Jyotisha book cover
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Jyotisha (ज्योतिष, jyotiṣa or jyotish) refers to ‘astronomy’ or “Vedic astrology” and represents the fifth of the six Vedangas (additional sciences to be studied along with the Vedas). Jyotisha concerns itself with the study and prediction of the movements of celestial bodies, in order to calculate the auspicious time for rituals and ceremonies.

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Pancaratra (worship of Nārāyaṇa)

Source: Isvara Samhita Vol 5

Māṣa (माष) refers to “black gram” and represents one of the seven village-corns that are fit for food-offerings according to verse 25.57 of the Īśvarasaṃhitā, dealing with the classification of the places for building the fire-pits (kuṇḍa). Accordingly, “rice (śāli), green gram (mudga), barley (yava), black gram (māṣa), wheat (godhūma), priyaṅgu (panic seed) and seasamum (tila)—these seven grown in the village are to be taken in the work of preparation of caru”.

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Pancaratra (पाञ्चरात्र, pāñcarātra) represents a tradition of Hinduism where Narayana is revered and worshipped. Closeley related to Vaishnavism, the Pancaratra literature includes various Agamas and tantras incorporating many Vaishnava philosophies.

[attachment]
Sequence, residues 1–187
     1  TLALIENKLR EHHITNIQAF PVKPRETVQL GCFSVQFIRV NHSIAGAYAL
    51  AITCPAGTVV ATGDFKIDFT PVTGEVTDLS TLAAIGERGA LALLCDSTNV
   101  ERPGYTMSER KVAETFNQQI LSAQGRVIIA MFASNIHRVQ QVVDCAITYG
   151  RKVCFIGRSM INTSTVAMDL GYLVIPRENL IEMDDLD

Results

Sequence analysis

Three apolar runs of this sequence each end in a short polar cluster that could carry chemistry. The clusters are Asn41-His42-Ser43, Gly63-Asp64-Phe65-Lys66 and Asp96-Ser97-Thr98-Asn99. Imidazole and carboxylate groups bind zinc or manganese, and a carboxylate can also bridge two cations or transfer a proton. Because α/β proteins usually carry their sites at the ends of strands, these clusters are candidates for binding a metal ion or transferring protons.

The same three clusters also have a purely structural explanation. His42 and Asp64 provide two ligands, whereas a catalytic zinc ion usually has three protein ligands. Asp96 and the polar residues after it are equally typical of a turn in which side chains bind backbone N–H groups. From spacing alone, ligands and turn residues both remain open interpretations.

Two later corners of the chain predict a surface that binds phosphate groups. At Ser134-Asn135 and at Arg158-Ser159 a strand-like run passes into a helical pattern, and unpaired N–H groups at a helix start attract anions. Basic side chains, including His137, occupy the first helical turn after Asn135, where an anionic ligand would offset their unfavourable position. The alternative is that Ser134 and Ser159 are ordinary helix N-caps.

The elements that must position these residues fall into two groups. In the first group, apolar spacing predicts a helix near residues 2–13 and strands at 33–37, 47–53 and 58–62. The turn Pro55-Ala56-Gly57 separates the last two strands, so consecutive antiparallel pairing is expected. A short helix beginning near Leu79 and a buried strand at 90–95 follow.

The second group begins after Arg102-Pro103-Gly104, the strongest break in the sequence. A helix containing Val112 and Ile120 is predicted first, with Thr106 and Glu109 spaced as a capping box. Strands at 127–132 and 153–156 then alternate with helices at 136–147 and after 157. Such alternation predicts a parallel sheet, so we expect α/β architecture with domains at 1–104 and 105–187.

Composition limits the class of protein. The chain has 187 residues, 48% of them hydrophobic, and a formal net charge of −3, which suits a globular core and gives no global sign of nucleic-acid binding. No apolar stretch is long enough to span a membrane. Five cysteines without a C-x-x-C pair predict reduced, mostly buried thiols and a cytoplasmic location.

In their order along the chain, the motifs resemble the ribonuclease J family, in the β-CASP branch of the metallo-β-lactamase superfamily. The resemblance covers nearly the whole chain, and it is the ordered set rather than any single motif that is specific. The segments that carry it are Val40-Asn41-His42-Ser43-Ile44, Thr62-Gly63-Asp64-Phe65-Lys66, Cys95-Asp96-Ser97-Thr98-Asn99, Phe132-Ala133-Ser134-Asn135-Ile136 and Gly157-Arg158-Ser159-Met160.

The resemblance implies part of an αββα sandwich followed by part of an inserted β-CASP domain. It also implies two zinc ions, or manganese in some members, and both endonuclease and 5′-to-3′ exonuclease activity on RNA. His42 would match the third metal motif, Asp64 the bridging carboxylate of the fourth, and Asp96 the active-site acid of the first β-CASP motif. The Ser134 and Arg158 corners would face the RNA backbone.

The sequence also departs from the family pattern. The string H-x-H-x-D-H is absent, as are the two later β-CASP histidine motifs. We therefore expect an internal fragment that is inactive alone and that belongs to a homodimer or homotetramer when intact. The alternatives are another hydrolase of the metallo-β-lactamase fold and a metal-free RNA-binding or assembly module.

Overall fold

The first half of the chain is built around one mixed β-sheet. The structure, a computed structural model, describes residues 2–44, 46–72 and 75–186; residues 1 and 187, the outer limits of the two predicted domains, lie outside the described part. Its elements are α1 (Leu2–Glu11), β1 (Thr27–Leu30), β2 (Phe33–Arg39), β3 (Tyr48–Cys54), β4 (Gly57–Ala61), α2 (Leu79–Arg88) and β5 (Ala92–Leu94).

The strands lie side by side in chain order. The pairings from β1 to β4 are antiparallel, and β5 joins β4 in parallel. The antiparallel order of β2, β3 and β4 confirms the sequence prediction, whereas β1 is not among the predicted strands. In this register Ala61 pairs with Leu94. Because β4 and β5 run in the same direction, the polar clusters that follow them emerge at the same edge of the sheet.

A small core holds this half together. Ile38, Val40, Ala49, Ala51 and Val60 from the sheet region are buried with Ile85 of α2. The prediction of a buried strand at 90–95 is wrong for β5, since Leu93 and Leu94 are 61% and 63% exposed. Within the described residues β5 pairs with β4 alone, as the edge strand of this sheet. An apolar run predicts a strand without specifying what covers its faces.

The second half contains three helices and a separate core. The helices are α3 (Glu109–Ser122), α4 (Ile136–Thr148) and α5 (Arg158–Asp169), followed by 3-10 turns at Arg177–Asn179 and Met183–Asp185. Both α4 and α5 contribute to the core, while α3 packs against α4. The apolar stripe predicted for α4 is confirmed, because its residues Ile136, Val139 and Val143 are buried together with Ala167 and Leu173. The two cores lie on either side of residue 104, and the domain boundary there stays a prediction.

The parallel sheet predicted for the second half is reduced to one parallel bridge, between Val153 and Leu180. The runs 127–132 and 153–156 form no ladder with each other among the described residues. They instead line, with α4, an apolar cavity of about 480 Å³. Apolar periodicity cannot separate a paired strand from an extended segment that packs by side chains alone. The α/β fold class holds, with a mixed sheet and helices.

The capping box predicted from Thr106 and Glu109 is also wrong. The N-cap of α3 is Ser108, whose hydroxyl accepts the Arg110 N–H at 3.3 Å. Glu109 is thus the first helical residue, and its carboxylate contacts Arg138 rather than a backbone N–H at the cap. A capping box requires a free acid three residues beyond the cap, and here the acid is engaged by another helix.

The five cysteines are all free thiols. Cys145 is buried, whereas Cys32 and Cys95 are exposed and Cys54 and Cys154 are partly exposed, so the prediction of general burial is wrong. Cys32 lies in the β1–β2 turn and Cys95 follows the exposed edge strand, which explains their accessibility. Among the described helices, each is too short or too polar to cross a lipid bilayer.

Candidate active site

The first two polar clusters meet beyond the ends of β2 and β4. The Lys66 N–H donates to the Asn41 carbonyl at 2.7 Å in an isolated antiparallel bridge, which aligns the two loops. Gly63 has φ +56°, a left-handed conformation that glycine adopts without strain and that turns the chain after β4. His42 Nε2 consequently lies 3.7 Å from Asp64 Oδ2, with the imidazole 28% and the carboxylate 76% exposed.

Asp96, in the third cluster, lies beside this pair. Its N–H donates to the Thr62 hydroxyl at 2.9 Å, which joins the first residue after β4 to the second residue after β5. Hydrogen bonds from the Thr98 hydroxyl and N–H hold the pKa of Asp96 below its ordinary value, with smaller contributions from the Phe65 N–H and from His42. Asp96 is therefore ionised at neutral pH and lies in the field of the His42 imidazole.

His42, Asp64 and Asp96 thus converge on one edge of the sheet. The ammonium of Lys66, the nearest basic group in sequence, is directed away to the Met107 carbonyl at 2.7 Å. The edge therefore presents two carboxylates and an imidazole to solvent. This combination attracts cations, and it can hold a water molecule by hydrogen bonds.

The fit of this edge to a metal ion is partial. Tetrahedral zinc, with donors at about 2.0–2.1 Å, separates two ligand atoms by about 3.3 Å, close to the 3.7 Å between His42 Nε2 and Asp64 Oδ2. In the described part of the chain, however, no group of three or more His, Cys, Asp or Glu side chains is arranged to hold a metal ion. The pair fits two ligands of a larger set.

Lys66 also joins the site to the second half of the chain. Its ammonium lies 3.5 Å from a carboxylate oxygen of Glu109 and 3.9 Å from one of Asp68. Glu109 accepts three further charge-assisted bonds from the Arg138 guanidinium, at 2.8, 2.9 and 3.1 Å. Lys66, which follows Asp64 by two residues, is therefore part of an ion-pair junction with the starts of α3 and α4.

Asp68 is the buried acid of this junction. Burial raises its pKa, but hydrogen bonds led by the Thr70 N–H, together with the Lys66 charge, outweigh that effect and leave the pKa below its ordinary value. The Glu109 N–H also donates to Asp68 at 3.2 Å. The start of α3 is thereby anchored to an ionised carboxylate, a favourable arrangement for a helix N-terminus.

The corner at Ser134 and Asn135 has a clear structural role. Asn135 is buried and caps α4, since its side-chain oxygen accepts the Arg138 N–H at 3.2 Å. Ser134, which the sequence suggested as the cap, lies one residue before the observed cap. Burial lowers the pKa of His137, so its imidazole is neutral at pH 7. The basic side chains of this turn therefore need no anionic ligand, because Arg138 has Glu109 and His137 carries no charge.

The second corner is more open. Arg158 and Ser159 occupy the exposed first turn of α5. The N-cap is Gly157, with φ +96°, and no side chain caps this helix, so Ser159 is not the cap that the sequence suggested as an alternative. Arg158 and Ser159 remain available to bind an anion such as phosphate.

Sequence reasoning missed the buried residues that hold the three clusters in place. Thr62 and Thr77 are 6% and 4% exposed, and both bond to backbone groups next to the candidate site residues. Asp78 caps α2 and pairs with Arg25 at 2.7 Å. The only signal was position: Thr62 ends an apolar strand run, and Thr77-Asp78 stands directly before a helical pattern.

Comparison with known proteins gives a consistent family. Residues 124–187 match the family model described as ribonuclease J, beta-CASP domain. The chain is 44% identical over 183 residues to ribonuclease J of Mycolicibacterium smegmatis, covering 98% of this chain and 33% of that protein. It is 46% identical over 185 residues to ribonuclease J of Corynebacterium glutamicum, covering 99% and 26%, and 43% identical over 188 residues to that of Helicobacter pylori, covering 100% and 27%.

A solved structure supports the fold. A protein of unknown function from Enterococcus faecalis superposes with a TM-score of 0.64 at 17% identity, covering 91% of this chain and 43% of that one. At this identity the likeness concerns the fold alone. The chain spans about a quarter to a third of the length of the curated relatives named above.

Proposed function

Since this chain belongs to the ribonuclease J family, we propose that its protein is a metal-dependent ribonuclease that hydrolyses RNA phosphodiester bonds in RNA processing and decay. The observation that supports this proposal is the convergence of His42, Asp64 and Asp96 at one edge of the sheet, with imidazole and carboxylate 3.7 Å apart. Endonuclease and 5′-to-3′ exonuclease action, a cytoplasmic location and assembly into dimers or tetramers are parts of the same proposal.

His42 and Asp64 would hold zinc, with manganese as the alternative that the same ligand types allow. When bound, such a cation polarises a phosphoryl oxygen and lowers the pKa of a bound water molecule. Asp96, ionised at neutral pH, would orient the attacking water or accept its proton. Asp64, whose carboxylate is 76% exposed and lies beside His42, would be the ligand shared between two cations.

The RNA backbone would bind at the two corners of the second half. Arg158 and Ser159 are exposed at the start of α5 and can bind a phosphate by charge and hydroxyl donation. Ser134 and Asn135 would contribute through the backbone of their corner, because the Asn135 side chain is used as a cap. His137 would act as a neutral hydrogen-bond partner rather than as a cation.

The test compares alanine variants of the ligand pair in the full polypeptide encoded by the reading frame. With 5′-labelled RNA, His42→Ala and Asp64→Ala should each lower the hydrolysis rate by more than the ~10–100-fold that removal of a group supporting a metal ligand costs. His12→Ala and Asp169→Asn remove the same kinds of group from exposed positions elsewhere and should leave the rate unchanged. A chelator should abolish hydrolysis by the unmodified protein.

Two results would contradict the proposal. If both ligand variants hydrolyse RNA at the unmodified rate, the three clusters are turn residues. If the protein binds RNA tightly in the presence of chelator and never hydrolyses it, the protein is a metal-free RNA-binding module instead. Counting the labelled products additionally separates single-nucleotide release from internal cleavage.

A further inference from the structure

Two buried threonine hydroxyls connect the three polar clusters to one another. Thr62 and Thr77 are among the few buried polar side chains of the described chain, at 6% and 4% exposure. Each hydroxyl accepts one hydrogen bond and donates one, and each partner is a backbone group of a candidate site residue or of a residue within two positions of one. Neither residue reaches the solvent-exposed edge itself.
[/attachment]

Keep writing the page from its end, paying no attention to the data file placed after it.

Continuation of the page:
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Vaishnavism (Vaishava dharma)

Source: Pure Bhakti: Arcana-dipika - 3rd Edition

Māsa (मास) refers to “month”.—There are twelve months in a Vedic lunar calendar, and approximately every three years, there is a thirteenth month. Each month has a predominating deity and approximately corresponds with the solar christian months:—

  1. Phālguna — Govinda (February-March);
  2. Caitra — Viṣṇu (March-April);
  3. Vaiśākha — Madhusūdana (April-May);
  4. Jyaiṣṭha — Trivikrama (May-June);
  5. Āṣāḍha — Vāmana (June-July);
  6. Śrāvaṇa — Śrīdhara (July-August);
  7. Bhādrapada — Hṛṣīkeśa (August-September);
  8. Āśvina — Padmanābha (September-October);
  9. Kārtika — Dāmodara (October-November);
  10. Mārgaśīrṣa — Keśava (November-December);
  11. Pauṣa — Nārāyaṇa (December-January);
  12. Māgha — Mādhava (January-Februray);
  13. Adhika — Puruṣottama (...-...);

In accordance with the month of the year, one would utter the Vedic month, for example, kārtika-māsi.